The Incarnate Word
Each Christmas, we celebrate the mystery
of the Incarnation. Jesus, the Son of God,
who is fully God, became fully human at a
point in our history, to be the means of
our salvation. St. John exclaimed: "The Word became flesh and made His dwelling
among us, and we saw His glory, the glory
as of the Father's only Son, full of grace
and truth." (John 1.14)
Belief in the mystery of the Incarnation
of Jesus Christ is fundamental to our
Jesus became flesh, born an infant,
all human fragility, and He died, immersed
in the suffering of human pain. While
shared in our humanity, His will remained
united with the will of His Father
Holy Spirit. His heart, united in love
His Father, was filled with immense
mercy for each person He encountered,
indeed for all of humanity.
As Jesus lived in union with the Father and
the Holy Spirit, so we are called to become
one with the Trinity through union with Jesus.
St. Paul expressed his union with Christ:
"I live, no longer I, but Christ lives in
me; insofar as I now live in the flesh, I
live by faith in the Son of God who has loved
me and given himself up for me." (Galations 2.20)
Mary was chosen and prepared by God to become
the mother of Jesus. By her free consent,
in the strength of great faith, she united
her will completely with God so that the
promise of the angel Gabriel would be realized:
"The Holy Spirit will come upon you, and the
power of the Most High will overshadow you.
Therefore the child to be born will be called
holy, the Son of God." (Luke 1.35) We recall this great
mystery when we profess: 'He was conceived by the power of the Holy
Gabriel addressed Mary: "Hail, full of grace, the Lord is with you!" (Luke 1.28) To be 'full of grace'
is to be pure in the fullest sense - to be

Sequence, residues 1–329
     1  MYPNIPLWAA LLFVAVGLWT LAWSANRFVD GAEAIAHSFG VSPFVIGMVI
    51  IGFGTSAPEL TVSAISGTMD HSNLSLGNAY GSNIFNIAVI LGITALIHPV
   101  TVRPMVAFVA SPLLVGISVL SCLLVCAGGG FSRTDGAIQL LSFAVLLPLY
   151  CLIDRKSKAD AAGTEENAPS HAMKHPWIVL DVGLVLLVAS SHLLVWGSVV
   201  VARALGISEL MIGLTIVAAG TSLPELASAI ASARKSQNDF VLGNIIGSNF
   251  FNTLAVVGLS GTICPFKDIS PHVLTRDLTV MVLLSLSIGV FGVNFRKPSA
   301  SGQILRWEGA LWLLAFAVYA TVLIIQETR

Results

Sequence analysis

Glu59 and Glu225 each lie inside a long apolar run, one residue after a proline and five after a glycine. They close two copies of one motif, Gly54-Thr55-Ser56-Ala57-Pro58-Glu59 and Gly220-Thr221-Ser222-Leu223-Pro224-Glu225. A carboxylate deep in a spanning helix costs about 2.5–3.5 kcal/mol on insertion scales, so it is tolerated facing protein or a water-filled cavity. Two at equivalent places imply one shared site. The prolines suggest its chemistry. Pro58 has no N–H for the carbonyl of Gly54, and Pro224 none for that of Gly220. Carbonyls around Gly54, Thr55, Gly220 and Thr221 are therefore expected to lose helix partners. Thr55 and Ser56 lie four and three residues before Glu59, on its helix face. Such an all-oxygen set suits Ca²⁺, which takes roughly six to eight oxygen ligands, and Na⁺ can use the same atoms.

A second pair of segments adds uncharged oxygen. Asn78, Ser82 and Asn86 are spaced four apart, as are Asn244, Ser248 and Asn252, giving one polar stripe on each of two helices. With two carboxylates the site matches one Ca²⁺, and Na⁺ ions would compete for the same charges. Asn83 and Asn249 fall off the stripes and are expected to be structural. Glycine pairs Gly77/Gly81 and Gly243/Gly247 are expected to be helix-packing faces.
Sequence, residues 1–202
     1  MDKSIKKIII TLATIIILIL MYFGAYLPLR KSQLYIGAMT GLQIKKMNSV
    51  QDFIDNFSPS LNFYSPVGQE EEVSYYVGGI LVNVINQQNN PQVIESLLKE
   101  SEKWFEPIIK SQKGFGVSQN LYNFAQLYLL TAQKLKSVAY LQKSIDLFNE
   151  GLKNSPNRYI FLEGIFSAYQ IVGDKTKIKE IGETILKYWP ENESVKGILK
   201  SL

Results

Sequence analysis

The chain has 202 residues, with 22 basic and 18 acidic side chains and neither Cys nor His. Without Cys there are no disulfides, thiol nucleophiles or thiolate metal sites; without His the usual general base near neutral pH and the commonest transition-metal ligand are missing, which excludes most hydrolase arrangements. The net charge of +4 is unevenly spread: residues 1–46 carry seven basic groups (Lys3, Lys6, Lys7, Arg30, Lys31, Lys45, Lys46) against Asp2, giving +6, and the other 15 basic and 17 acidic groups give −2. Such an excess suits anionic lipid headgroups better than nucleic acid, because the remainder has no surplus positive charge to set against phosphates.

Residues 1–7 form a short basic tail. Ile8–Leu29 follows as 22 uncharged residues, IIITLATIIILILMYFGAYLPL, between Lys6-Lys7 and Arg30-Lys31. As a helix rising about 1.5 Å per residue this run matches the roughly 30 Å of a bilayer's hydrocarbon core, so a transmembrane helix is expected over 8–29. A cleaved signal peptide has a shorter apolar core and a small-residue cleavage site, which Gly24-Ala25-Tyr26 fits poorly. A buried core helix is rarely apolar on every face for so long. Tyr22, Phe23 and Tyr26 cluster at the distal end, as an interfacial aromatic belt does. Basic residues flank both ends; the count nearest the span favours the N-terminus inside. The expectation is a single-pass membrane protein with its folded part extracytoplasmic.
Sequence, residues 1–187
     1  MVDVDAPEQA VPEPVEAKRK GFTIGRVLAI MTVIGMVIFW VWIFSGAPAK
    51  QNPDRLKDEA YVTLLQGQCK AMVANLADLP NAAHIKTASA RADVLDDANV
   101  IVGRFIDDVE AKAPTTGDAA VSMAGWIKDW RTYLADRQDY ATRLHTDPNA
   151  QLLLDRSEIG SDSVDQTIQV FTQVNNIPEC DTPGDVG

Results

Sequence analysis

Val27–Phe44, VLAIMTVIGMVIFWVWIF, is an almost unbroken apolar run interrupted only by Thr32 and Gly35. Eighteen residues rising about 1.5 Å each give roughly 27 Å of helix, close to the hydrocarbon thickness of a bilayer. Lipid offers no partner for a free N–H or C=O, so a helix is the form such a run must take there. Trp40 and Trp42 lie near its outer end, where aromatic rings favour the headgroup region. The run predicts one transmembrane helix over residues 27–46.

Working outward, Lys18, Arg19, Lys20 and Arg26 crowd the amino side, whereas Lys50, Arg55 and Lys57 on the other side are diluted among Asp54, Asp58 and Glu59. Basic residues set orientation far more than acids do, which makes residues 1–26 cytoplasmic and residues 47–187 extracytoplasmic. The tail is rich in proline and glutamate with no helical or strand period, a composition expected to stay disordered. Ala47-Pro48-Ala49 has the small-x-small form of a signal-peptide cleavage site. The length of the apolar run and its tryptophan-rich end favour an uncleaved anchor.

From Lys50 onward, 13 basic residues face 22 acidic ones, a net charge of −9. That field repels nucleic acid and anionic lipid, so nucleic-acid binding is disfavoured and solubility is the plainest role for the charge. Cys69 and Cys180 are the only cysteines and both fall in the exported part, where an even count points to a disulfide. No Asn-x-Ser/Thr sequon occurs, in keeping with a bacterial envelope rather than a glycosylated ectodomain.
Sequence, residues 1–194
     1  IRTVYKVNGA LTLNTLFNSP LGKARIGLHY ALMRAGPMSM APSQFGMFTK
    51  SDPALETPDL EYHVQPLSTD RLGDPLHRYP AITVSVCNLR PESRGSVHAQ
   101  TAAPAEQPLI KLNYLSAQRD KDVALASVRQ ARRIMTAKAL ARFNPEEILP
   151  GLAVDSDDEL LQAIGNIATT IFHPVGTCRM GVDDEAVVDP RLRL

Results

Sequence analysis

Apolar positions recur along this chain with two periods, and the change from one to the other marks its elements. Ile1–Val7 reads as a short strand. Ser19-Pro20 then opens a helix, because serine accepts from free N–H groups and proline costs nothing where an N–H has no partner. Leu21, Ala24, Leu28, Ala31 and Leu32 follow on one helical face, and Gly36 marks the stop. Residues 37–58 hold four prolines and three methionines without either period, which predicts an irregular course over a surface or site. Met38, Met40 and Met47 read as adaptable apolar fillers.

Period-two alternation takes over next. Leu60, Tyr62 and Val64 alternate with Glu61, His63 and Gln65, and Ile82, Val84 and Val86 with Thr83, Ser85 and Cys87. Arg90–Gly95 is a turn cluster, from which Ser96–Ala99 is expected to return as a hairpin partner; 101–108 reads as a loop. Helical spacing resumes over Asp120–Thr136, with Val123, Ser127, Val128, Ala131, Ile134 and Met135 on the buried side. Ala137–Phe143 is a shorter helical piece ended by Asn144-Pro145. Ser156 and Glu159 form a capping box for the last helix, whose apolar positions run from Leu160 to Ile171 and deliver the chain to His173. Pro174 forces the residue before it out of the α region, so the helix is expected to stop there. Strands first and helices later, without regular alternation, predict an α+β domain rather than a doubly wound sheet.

freed from the stain of original sin as well
as from personal sin. The Church teaches
that Mary was redeemed from the moment of
her conception by the grace of Jesus her
Son. Mary's holiness is truly unique in this
In Mary's response to the angel Gabriel,
cognizant of her own virginity, she asked:
"How can this be, since I have no relations
with a man?" (Luke 1.34) The Church teaches that
Mary's virginity was preserved and sanctified
by the birth of her only Son, and that her
virgin motherhood is another aspect of the
divine mystery of the Incarnation. We recall
this mystery when we profess 'and born of the Virgin Mary'.
Mary's cousin Elizabeth, prompted by the
Holy Spirit, greeted Mary with the words:
"Most blessed are you among women, and blessed
is the fruit of your womb. And how does this
happen to me, that the mother of my Lord
should come to me?" (Luke 1.42-43) We venerate Mary as
the Mother of God as we recall this divine
mystery each January 1.
This poem expresses the inseparable
between the events of the birth and
of Jesus. At His birth, He was wrapped
swaddling clothes and laid in a manger
Luke 2.7); at His death, He was wrapped
linen cloth and laid in a rock-hewn
(c.f. Luke 23.53)
Wrapped and Laid
The Father spoke and she conceived
The Word beneath Spirit's shadow.
By her consent, as she believed,
Eternity entered the now.
Born in the flesh, the Babe is wrapped
In linen and laid in a cave.
In Mother's love, He is enrapt --
Emmanuel is here to save!
Angels and shepherds bend the knee
Before the newborn King of kings.
Most humble Babe -- Greatest Glory
Peace comes to earth as heaven sings.
Destined to be the rise and fall
Of many hearts -- a sword would pierce
Her own heart too -- this was His call;
A prophecy enrapt in tears.
Set in the crib; nailed to the cross
The Lamb of God is sacrifice:
He came that no soul would be lost;
His precious Blood would pay their
Dead on the cross, the Man was wrapped,
In linen and laid in a tomb;
Obedient to death, enrapt
Within the Will -- as in the womb.
The Father spoke one Word to save
His children from cradle to grave.
May the Spirit overshadow the caves
hearts that the Word Incarnate may
again, enrapt in the joy of our souls.
New American Bible - Catholic Edition
Catechism of the Catholic Church, paragraphs
Pope Benedict XVI, Introduction to Christianity,
© 2004 Ignatius Press, San Francisco, p.
271 - 280
(c) Paul Buis, 2006